Posts Tagged With: tamales

Working Lunches

(Most of us take a break from work to eat lunch. To do that, someone else has to work to make our lunch, bring it to us, or grow the ingredients that compose it. We need to remember that. In this post, I remember the lunches from the 2019 Southern Foodways Alliance Symposium, as we work towards getting back to Oxford for the long-awaited 2021 event.)

I say this every year, but some things are just so true that they bear repeating: lunches at the Southern Foodways Alliance Symposium are a big deal.  In years past we’ve eaten fantastic multi-course meals at the noon hour prepared by the likes of Sean Brock, Mashama Bailey, and Vivian Howard.  (If you don’t know these chefs, feel free to pause and Google – you’ll be impressed.)  This year was no different when it came to the culinary skills of the chefs, but there was a slightly different vibe.  The theme of the symposium was Food is Work, and we were encouraged to consider and appreciate all the steps that it took to get that food on the plate, and all the people that had a hand in it.    

On our first full day the plan was to enjoy lunch outside in The Grove.  Rain made that virtually impossible, so the fine folks at the SFA improvised, made easier because lunch that day was served on a cardboard tray and the focus was on po-boy sandwiches, which by nature and design are portable.  

Most food has a story, though not all lunches are given a title – unless you’re eating with SFA. “Food to Sustain a Strike,” was based on the 1929 New Orleans streetcar strike.  Two brothers, Bennie and Clovis Martin, were former streetcar conductors who opened Martin Brothers Coffee Stand and Restaurant in 1922.  To support the men in the union, they offered free food to any of the strikers in Division 194.  When they saw one coming, they’d say, “Here comes another poor boy.”  Whether or not that was the first time these half-loaves of French bread stuffed with fillings were called Poor-Boys is debated, but the Martin brothers’ offer to feed those workers is definitely a part of the story.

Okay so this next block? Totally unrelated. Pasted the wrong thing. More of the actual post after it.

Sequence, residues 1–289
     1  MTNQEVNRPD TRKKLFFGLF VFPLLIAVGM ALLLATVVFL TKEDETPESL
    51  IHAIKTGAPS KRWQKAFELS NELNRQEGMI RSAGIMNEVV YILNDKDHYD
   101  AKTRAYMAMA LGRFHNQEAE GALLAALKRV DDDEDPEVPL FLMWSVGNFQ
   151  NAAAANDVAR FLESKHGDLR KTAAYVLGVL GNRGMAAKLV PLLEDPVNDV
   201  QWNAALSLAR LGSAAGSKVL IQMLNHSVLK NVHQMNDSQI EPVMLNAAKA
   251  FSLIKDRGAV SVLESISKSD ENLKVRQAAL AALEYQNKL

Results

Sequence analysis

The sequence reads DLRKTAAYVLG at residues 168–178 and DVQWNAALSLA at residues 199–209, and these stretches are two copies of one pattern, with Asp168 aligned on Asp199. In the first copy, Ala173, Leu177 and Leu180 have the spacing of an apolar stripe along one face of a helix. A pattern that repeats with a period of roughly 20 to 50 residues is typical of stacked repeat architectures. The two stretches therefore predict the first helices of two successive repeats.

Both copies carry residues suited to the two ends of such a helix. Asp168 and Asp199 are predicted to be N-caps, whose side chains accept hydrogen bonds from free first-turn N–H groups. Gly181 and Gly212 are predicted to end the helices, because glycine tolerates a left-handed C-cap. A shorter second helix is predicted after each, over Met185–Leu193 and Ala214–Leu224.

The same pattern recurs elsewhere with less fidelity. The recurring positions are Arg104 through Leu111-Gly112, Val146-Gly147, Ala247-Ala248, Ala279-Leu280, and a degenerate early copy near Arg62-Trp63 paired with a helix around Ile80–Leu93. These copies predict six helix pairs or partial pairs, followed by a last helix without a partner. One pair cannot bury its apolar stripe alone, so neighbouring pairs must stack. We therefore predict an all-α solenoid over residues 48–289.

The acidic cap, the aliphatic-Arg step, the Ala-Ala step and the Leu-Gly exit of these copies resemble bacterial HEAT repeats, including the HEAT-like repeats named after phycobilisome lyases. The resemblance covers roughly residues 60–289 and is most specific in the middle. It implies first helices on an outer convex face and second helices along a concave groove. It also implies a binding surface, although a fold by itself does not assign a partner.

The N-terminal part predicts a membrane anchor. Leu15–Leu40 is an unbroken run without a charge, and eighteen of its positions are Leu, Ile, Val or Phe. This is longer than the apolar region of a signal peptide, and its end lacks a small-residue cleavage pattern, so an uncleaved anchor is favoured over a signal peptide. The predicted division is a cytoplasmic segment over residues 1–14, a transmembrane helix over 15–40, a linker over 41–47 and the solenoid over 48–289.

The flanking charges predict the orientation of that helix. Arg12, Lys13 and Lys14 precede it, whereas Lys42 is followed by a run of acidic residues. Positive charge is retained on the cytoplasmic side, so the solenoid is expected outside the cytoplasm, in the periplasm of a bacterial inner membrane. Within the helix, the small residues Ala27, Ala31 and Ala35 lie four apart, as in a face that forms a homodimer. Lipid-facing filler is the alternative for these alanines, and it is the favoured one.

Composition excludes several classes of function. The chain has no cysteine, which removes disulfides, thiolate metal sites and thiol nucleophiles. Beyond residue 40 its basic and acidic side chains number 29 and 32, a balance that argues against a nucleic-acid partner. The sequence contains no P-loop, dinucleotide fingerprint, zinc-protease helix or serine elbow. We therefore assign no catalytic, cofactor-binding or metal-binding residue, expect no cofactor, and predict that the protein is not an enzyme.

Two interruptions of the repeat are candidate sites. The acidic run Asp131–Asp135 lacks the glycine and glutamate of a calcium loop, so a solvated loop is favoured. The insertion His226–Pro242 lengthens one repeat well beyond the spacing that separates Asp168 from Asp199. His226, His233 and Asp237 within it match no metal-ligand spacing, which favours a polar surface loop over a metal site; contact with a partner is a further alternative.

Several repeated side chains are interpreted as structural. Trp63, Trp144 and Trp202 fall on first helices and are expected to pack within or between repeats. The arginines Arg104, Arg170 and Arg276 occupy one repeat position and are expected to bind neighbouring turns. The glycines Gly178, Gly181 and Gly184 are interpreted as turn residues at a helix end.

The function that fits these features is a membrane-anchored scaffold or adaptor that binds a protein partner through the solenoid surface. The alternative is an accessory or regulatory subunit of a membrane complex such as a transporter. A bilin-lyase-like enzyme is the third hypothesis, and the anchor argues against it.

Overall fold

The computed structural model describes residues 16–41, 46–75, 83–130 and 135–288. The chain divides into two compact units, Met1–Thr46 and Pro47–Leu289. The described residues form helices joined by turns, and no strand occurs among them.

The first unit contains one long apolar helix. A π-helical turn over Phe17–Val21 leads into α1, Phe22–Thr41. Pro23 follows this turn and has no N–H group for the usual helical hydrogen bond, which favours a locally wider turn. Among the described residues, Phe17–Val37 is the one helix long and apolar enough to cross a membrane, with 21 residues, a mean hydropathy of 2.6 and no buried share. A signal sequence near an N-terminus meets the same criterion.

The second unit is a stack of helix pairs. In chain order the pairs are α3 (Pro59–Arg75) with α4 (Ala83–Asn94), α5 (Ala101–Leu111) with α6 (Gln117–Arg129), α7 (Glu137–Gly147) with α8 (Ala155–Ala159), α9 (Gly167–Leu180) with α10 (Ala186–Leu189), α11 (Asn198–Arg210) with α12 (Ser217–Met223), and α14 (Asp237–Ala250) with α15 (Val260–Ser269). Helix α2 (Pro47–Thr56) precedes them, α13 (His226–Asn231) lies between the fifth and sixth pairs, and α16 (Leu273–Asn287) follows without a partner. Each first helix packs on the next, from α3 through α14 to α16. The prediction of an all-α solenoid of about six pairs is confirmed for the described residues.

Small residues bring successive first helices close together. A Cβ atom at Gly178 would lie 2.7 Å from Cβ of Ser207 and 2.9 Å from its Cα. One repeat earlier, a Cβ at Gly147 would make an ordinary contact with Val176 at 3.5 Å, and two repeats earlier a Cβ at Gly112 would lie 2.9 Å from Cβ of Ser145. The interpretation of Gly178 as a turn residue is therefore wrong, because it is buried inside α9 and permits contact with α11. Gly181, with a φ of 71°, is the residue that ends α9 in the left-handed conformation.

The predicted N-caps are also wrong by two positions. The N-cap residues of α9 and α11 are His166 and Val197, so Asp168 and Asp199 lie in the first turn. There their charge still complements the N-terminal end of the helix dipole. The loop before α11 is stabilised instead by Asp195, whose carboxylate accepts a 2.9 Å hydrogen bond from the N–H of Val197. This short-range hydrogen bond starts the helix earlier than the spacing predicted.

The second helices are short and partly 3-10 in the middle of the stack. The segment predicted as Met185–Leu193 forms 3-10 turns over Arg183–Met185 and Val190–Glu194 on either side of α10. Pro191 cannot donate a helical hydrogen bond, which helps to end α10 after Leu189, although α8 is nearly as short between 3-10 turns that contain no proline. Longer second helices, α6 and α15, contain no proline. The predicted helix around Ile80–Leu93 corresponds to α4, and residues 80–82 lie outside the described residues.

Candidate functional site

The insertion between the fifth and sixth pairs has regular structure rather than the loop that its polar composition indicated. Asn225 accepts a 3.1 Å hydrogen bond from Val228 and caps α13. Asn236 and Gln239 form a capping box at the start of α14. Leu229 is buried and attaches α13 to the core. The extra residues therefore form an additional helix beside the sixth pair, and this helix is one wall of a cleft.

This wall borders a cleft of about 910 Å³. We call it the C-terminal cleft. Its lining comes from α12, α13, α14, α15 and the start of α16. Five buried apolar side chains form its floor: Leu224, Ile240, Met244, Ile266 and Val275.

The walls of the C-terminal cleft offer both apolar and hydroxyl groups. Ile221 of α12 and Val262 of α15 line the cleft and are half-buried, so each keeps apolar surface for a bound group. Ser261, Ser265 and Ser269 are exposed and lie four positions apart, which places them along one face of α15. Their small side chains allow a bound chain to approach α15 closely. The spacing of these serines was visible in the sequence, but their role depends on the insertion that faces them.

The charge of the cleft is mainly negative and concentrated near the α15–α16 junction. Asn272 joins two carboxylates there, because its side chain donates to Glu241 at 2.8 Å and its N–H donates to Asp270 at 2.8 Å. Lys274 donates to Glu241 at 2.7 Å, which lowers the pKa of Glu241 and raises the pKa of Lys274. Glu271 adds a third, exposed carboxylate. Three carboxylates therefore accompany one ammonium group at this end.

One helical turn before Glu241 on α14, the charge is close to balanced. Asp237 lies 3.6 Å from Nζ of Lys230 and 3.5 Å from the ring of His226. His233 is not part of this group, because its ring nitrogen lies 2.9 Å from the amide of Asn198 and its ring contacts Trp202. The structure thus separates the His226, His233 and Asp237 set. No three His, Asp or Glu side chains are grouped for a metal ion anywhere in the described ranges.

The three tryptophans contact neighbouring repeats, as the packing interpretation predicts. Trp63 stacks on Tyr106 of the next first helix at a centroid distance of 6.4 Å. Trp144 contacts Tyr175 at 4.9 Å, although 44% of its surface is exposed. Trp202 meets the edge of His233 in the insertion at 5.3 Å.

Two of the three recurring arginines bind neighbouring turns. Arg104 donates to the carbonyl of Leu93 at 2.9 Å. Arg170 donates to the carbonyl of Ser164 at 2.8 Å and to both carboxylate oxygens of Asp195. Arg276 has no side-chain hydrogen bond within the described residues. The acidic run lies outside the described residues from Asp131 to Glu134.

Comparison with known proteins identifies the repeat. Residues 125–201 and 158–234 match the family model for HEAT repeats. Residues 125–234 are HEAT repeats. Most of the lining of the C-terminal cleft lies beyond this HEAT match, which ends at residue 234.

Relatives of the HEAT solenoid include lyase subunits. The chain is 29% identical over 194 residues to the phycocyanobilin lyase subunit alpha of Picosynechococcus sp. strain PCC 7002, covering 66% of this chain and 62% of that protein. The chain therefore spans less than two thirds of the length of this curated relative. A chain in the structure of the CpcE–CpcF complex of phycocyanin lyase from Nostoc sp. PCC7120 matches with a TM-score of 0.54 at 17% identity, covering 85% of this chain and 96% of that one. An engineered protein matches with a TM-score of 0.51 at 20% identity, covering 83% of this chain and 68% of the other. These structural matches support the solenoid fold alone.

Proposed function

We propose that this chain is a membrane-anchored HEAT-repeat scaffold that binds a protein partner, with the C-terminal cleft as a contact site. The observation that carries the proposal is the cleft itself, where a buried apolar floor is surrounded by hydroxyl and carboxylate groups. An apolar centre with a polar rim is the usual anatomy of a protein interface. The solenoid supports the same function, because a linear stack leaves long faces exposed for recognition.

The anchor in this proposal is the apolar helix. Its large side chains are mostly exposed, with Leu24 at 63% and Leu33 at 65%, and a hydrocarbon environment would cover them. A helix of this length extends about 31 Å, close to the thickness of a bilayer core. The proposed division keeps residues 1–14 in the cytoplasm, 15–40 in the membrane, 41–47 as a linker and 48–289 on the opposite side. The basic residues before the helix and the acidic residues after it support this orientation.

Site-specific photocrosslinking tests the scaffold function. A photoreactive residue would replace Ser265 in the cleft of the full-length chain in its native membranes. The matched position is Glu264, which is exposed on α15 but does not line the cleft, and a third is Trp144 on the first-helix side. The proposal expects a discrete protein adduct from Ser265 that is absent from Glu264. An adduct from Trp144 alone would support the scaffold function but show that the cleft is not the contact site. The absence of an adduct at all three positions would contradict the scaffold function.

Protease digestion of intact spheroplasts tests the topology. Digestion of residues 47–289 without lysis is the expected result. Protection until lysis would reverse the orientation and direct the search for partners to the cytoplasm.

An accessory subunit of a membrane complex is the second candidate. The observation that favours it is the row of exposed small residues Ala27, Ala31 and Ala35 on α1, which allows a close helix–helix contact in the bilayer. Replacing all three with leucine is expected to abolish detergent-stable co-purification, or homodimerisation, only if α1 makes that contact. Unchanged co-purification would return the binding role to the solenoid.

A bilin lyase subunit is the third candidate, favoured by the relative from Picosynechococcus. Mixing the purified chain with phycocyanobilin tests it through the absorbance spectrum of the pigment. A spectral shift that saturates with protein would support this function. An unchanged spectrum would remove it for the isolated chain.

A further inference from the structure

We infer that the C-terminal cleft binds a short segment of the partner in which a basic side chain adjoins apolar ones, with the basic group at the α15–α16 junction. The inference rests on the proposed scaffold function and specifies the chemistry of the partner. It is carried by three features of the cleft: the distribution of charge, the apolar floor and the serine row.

I make no claims to be a po-boy expert.  But I know what I like, and these sandwiches and what came alongside kinda’ blew my mind.  One was simply called a Ham and Cheese Po-boy, which at first glance doesn’t sound terribly exciting, but glances are not what count in such cases.  There was indeed ham, cheese, mustard and pickles.  No fancy stuff.  Just basic fixins’ that somehow became a sandwich I would very much like to be eating again. Right now. The other “half” of the loaf, while still not fancy, wasn’t something I see on menus that often, and it’s unfortunate: French Fry Po-Boy with Tomato Gravy.  Also on the tray was a little container of gumbo z’herbs over potato salad, plus a sweet potato fried pie to finish it off. The chefs behind this lunch were Kristen Essig and Michael Stoltzfus of Coquette in New Orleans.  I didn’t see any po-boys on their restaurant menu, but if they can make me crave ham and cheese, they are definitely on the list for my next NOLA visit. 

The next day featured a Working Woman’s Lunch, headlined by Maneet Chauhan of Chaatable (Indian Street Food) and several other restaurants in Nashville.  You may also have seen her judging Chopped on Food Network.  But before we get to the Indian food, let’s talk about the other folks who helped fill our Tiffin tin lunch box.